The Richard Nixon legacy has over the years been on the road to at least a partial recovery. From the ashes of the Watergate scandal and the resignation, talks about opening up China, the Clean Air Act and the Clean Water Act have rehabilitated him by some amount.
That recovery is likely to come to a screeching halt in the face of newly-declassified documents from the Lyndon B. Johnson Presidential library. I will leave you to dig through the details provided by the BBC and Middle East Online, but the gist is this:
*According to the tapes, Johnson had evidence that Nixon was sabotaging the Paris Peace Talks in 1968, an effort to end the Vietnam War. Evidence that Nixon had done so has actually already surfaced, though only in 2008, after nearly all the principal actors had died. Through senior campaign advisor Anna Chennault, the Nixon campaign communicated to the South Vietnamese that they should withdraw from the talks and refuse to deal with Johnson, because Nixon would offer them a better outcome should he be elected. When the talks failed, Nixon then went to the voters and crowed about how Johnson's peace talks were going down in flames, an action Johnson considered treason, but an argument the voters bought. (And then Nixon proceeded to expand the war and bomb Cambodia in an effort to give them that outcome... which, ultimately, he failed to do.)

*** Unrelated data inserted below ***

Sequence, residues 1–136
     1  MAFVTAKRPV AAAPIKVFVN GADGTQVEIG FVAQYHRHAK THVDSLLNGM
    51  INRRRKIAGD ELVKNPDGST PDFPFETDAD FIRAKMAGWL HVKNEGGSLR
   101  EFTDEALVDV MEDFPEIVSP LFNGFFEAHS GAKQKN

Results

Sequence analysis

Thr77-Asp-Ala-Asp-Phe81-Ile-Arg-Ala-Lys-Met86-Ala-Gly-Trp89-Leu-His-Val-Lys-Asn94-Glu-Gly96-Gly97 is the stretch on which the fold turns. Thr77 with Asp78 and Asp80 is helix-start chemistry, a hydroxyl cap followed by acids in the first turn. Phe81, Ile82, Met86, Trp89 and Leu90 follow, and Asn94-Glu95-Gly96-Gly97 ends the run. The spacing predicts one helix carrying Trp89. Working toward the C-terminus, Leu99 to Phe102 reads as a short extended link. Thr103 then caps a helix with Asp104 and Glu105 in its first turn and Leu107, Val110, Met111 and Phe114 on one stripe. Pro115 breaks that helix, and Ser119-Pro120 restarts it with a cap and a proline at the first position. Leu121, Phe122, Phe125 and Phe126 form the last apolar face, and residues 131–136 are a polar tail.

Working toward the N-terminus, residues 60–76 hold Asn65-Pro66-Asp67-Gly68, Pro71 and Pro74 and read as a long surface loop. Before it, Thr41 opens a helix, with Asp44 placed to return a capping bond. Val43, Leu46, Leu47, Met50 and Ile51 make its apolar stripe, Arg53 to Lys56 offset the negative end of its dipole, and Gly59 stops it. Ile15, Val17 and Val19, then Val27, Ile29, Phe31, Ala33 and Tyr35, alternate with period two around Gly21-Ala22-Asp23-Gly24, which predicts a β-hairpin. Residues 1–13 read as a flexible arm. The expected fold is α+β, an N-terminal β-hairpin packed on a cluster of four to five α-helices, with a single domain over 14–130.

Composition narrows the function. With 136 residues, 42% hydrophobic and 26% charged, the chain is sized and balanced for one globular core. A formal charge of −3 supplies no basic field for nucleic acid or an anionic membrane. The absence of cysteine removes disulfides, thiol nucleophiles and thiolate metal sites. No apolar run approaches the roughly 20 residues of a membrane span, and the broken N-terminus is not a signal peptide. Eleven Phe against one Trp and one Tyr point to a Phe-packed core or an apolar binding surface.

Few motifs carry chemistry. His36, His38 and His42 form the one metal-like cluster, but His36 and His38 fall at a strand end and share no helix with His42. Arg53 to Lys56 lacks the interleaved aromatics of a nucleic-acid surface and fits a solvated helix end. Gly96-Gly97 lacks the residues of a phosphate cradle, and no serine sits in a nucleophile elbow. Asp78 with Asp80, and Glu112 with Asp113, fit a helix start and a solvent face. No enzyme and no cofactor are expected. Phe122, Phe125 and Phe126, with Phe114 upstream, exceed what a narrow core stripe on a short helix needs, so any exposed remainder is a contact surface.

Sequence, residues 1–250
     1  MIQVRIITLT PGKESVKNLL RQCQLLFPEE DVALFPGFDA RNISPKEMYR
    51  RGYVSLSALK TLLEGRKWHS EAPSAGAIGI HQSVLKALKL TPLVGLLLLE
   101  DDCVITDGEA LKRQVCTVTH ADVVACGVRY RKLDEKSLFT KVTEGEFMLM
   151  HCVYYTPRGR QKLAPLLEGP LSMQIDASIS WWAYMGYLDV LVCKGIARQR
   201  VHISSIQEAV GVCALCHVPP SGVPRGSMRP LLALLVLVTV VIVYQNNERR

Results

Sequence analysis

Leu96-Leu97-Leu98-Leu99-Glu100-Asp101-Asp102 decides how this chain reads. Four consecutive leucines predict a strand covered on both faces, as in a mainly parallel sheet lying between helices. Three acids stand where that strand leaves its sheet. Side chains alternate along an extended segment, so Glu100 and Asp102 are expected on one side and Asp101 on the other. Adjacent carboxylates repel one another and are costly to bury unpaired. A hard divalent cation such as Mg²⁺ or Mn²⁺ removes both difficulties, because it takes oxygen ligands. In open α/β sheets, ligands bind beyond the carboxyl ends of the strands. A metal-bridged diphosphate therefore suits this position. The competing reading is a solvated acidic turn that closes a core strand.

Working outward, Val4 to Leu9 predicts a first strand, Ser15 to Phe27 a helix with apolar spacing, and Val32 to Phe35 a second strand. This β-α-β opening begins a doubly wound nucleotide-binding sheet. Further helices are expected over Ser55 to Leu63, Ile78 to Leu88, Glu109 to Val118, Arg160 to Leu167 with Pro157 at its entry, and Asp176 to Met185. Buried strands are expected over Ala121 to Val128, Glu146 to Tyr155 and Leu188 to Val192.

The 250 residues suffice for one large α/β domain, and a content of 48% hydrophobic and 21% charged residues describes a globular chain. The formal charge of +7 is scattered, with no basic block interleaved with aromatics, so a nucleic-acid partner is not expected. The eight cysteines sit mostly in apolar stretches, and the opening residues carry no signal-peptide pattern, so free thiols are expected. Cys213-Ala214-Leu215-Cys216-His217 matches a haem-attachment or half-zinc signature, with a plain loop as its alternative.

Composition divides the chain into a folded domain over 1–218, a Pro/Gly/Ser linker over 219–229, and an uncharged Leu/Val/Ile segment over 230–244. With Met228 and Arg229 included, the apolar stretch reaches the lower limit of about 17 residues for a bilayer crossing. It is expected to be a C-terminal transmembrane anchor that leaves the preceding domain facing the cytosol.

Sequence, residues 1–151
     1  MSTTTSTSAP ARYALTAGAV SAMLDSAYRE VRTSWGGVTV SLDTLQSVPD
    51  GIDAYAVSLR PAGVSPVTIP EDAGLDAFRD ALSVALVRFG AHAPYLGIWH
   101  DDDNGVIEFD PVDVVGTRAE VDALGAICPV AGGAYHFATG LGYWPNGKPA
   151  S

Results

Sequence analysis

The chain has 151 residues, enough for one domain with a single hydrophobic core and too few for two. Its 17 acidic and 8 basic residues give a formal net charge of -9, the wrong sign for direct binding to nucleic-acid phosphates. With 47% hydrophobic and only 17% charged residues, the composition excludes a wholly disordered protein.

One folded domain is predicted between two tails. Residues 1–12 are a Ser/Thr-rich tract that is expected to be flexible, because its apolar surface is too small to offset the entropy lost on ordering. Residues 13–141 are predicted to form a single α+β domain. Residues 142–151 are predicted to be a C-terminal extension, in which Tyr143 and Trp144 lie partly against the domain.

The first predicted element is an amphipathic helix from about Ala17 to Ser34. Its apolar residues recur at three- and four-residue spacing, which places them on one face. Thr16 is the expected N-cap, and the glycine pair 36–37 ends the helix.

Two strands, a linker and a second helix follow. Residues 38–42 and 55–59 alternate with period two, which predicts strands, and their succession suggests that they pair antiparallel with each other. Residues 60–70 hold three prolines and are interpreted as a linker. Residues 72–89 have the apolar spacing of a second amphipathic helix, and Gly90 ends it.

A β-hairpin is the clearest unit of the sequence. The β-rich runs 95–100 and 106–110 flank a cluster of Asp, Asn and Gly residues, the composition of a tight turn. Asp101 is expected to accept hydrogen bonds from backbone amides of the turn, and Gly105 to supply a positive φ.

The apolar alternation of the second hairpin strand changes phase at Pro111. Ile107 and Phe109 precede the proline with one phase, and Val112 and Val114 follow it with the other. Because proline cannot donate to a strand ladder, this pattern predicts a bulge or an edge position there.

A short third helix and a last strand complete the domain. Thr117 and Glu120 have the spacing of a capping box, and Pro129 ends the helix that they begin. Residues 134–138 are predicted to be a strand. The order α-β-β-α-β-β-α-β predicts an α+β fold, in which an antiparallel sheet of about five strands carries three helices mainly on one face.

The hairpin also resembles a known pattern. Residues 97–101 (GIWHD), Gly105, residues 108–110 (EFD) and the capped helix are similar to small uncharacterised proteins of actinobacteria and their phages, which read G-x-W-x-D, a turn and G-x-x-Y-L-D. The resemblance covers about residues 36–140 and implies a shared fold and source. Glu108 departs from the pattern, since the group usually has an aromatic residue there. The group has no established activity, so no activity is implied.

*Johnson, with evidence in hand, considered entering the 1968 campaign- the one mentioned here two years ago that he didn't enter because the primary polls had him getting clobbered- and using his evidence as the lynchpin of that campaign. He was wavering, though, because releasing the evidence came from sources he didn't want the public- or the Vietnamese- to know were being bugged. Also, given that he had already pulled out of the race because of polls, he was only going to enter based on polls, because this was Lyndon Johnson we're talking about. Eventually, he was told that he would have the support to enter the race, but the Secret Service told him that his safety could not be guaranteed. Johnson ultimately stayed on the sidelines, the information was shelved, and Nixon won.
*After re-election, Nixon was informed by FBI head J. Edgar Hoover that those tapes existed. Nixon turned the White House upside down to find them, but Johnson had had them removed; they were in the hands of Walt Rostrow, one of Johnson's national security aides. Nixon- or rather, Henry Kissinger and J.R. Haldeman- were only able to recreate what exactly was on the tapes. Nixon never stopped looking for the originals, as he considered them to be even more of a blow to him than the Pentagon Papers released in 1971... and in 1972, his search turned to the Watergate Hotel.
Short story even shorter, Nixon had the Vietnam War dragged on six additional years for the sake of winning the 1968 Presidential election. The events from October 1968-April 1975 need not have happened.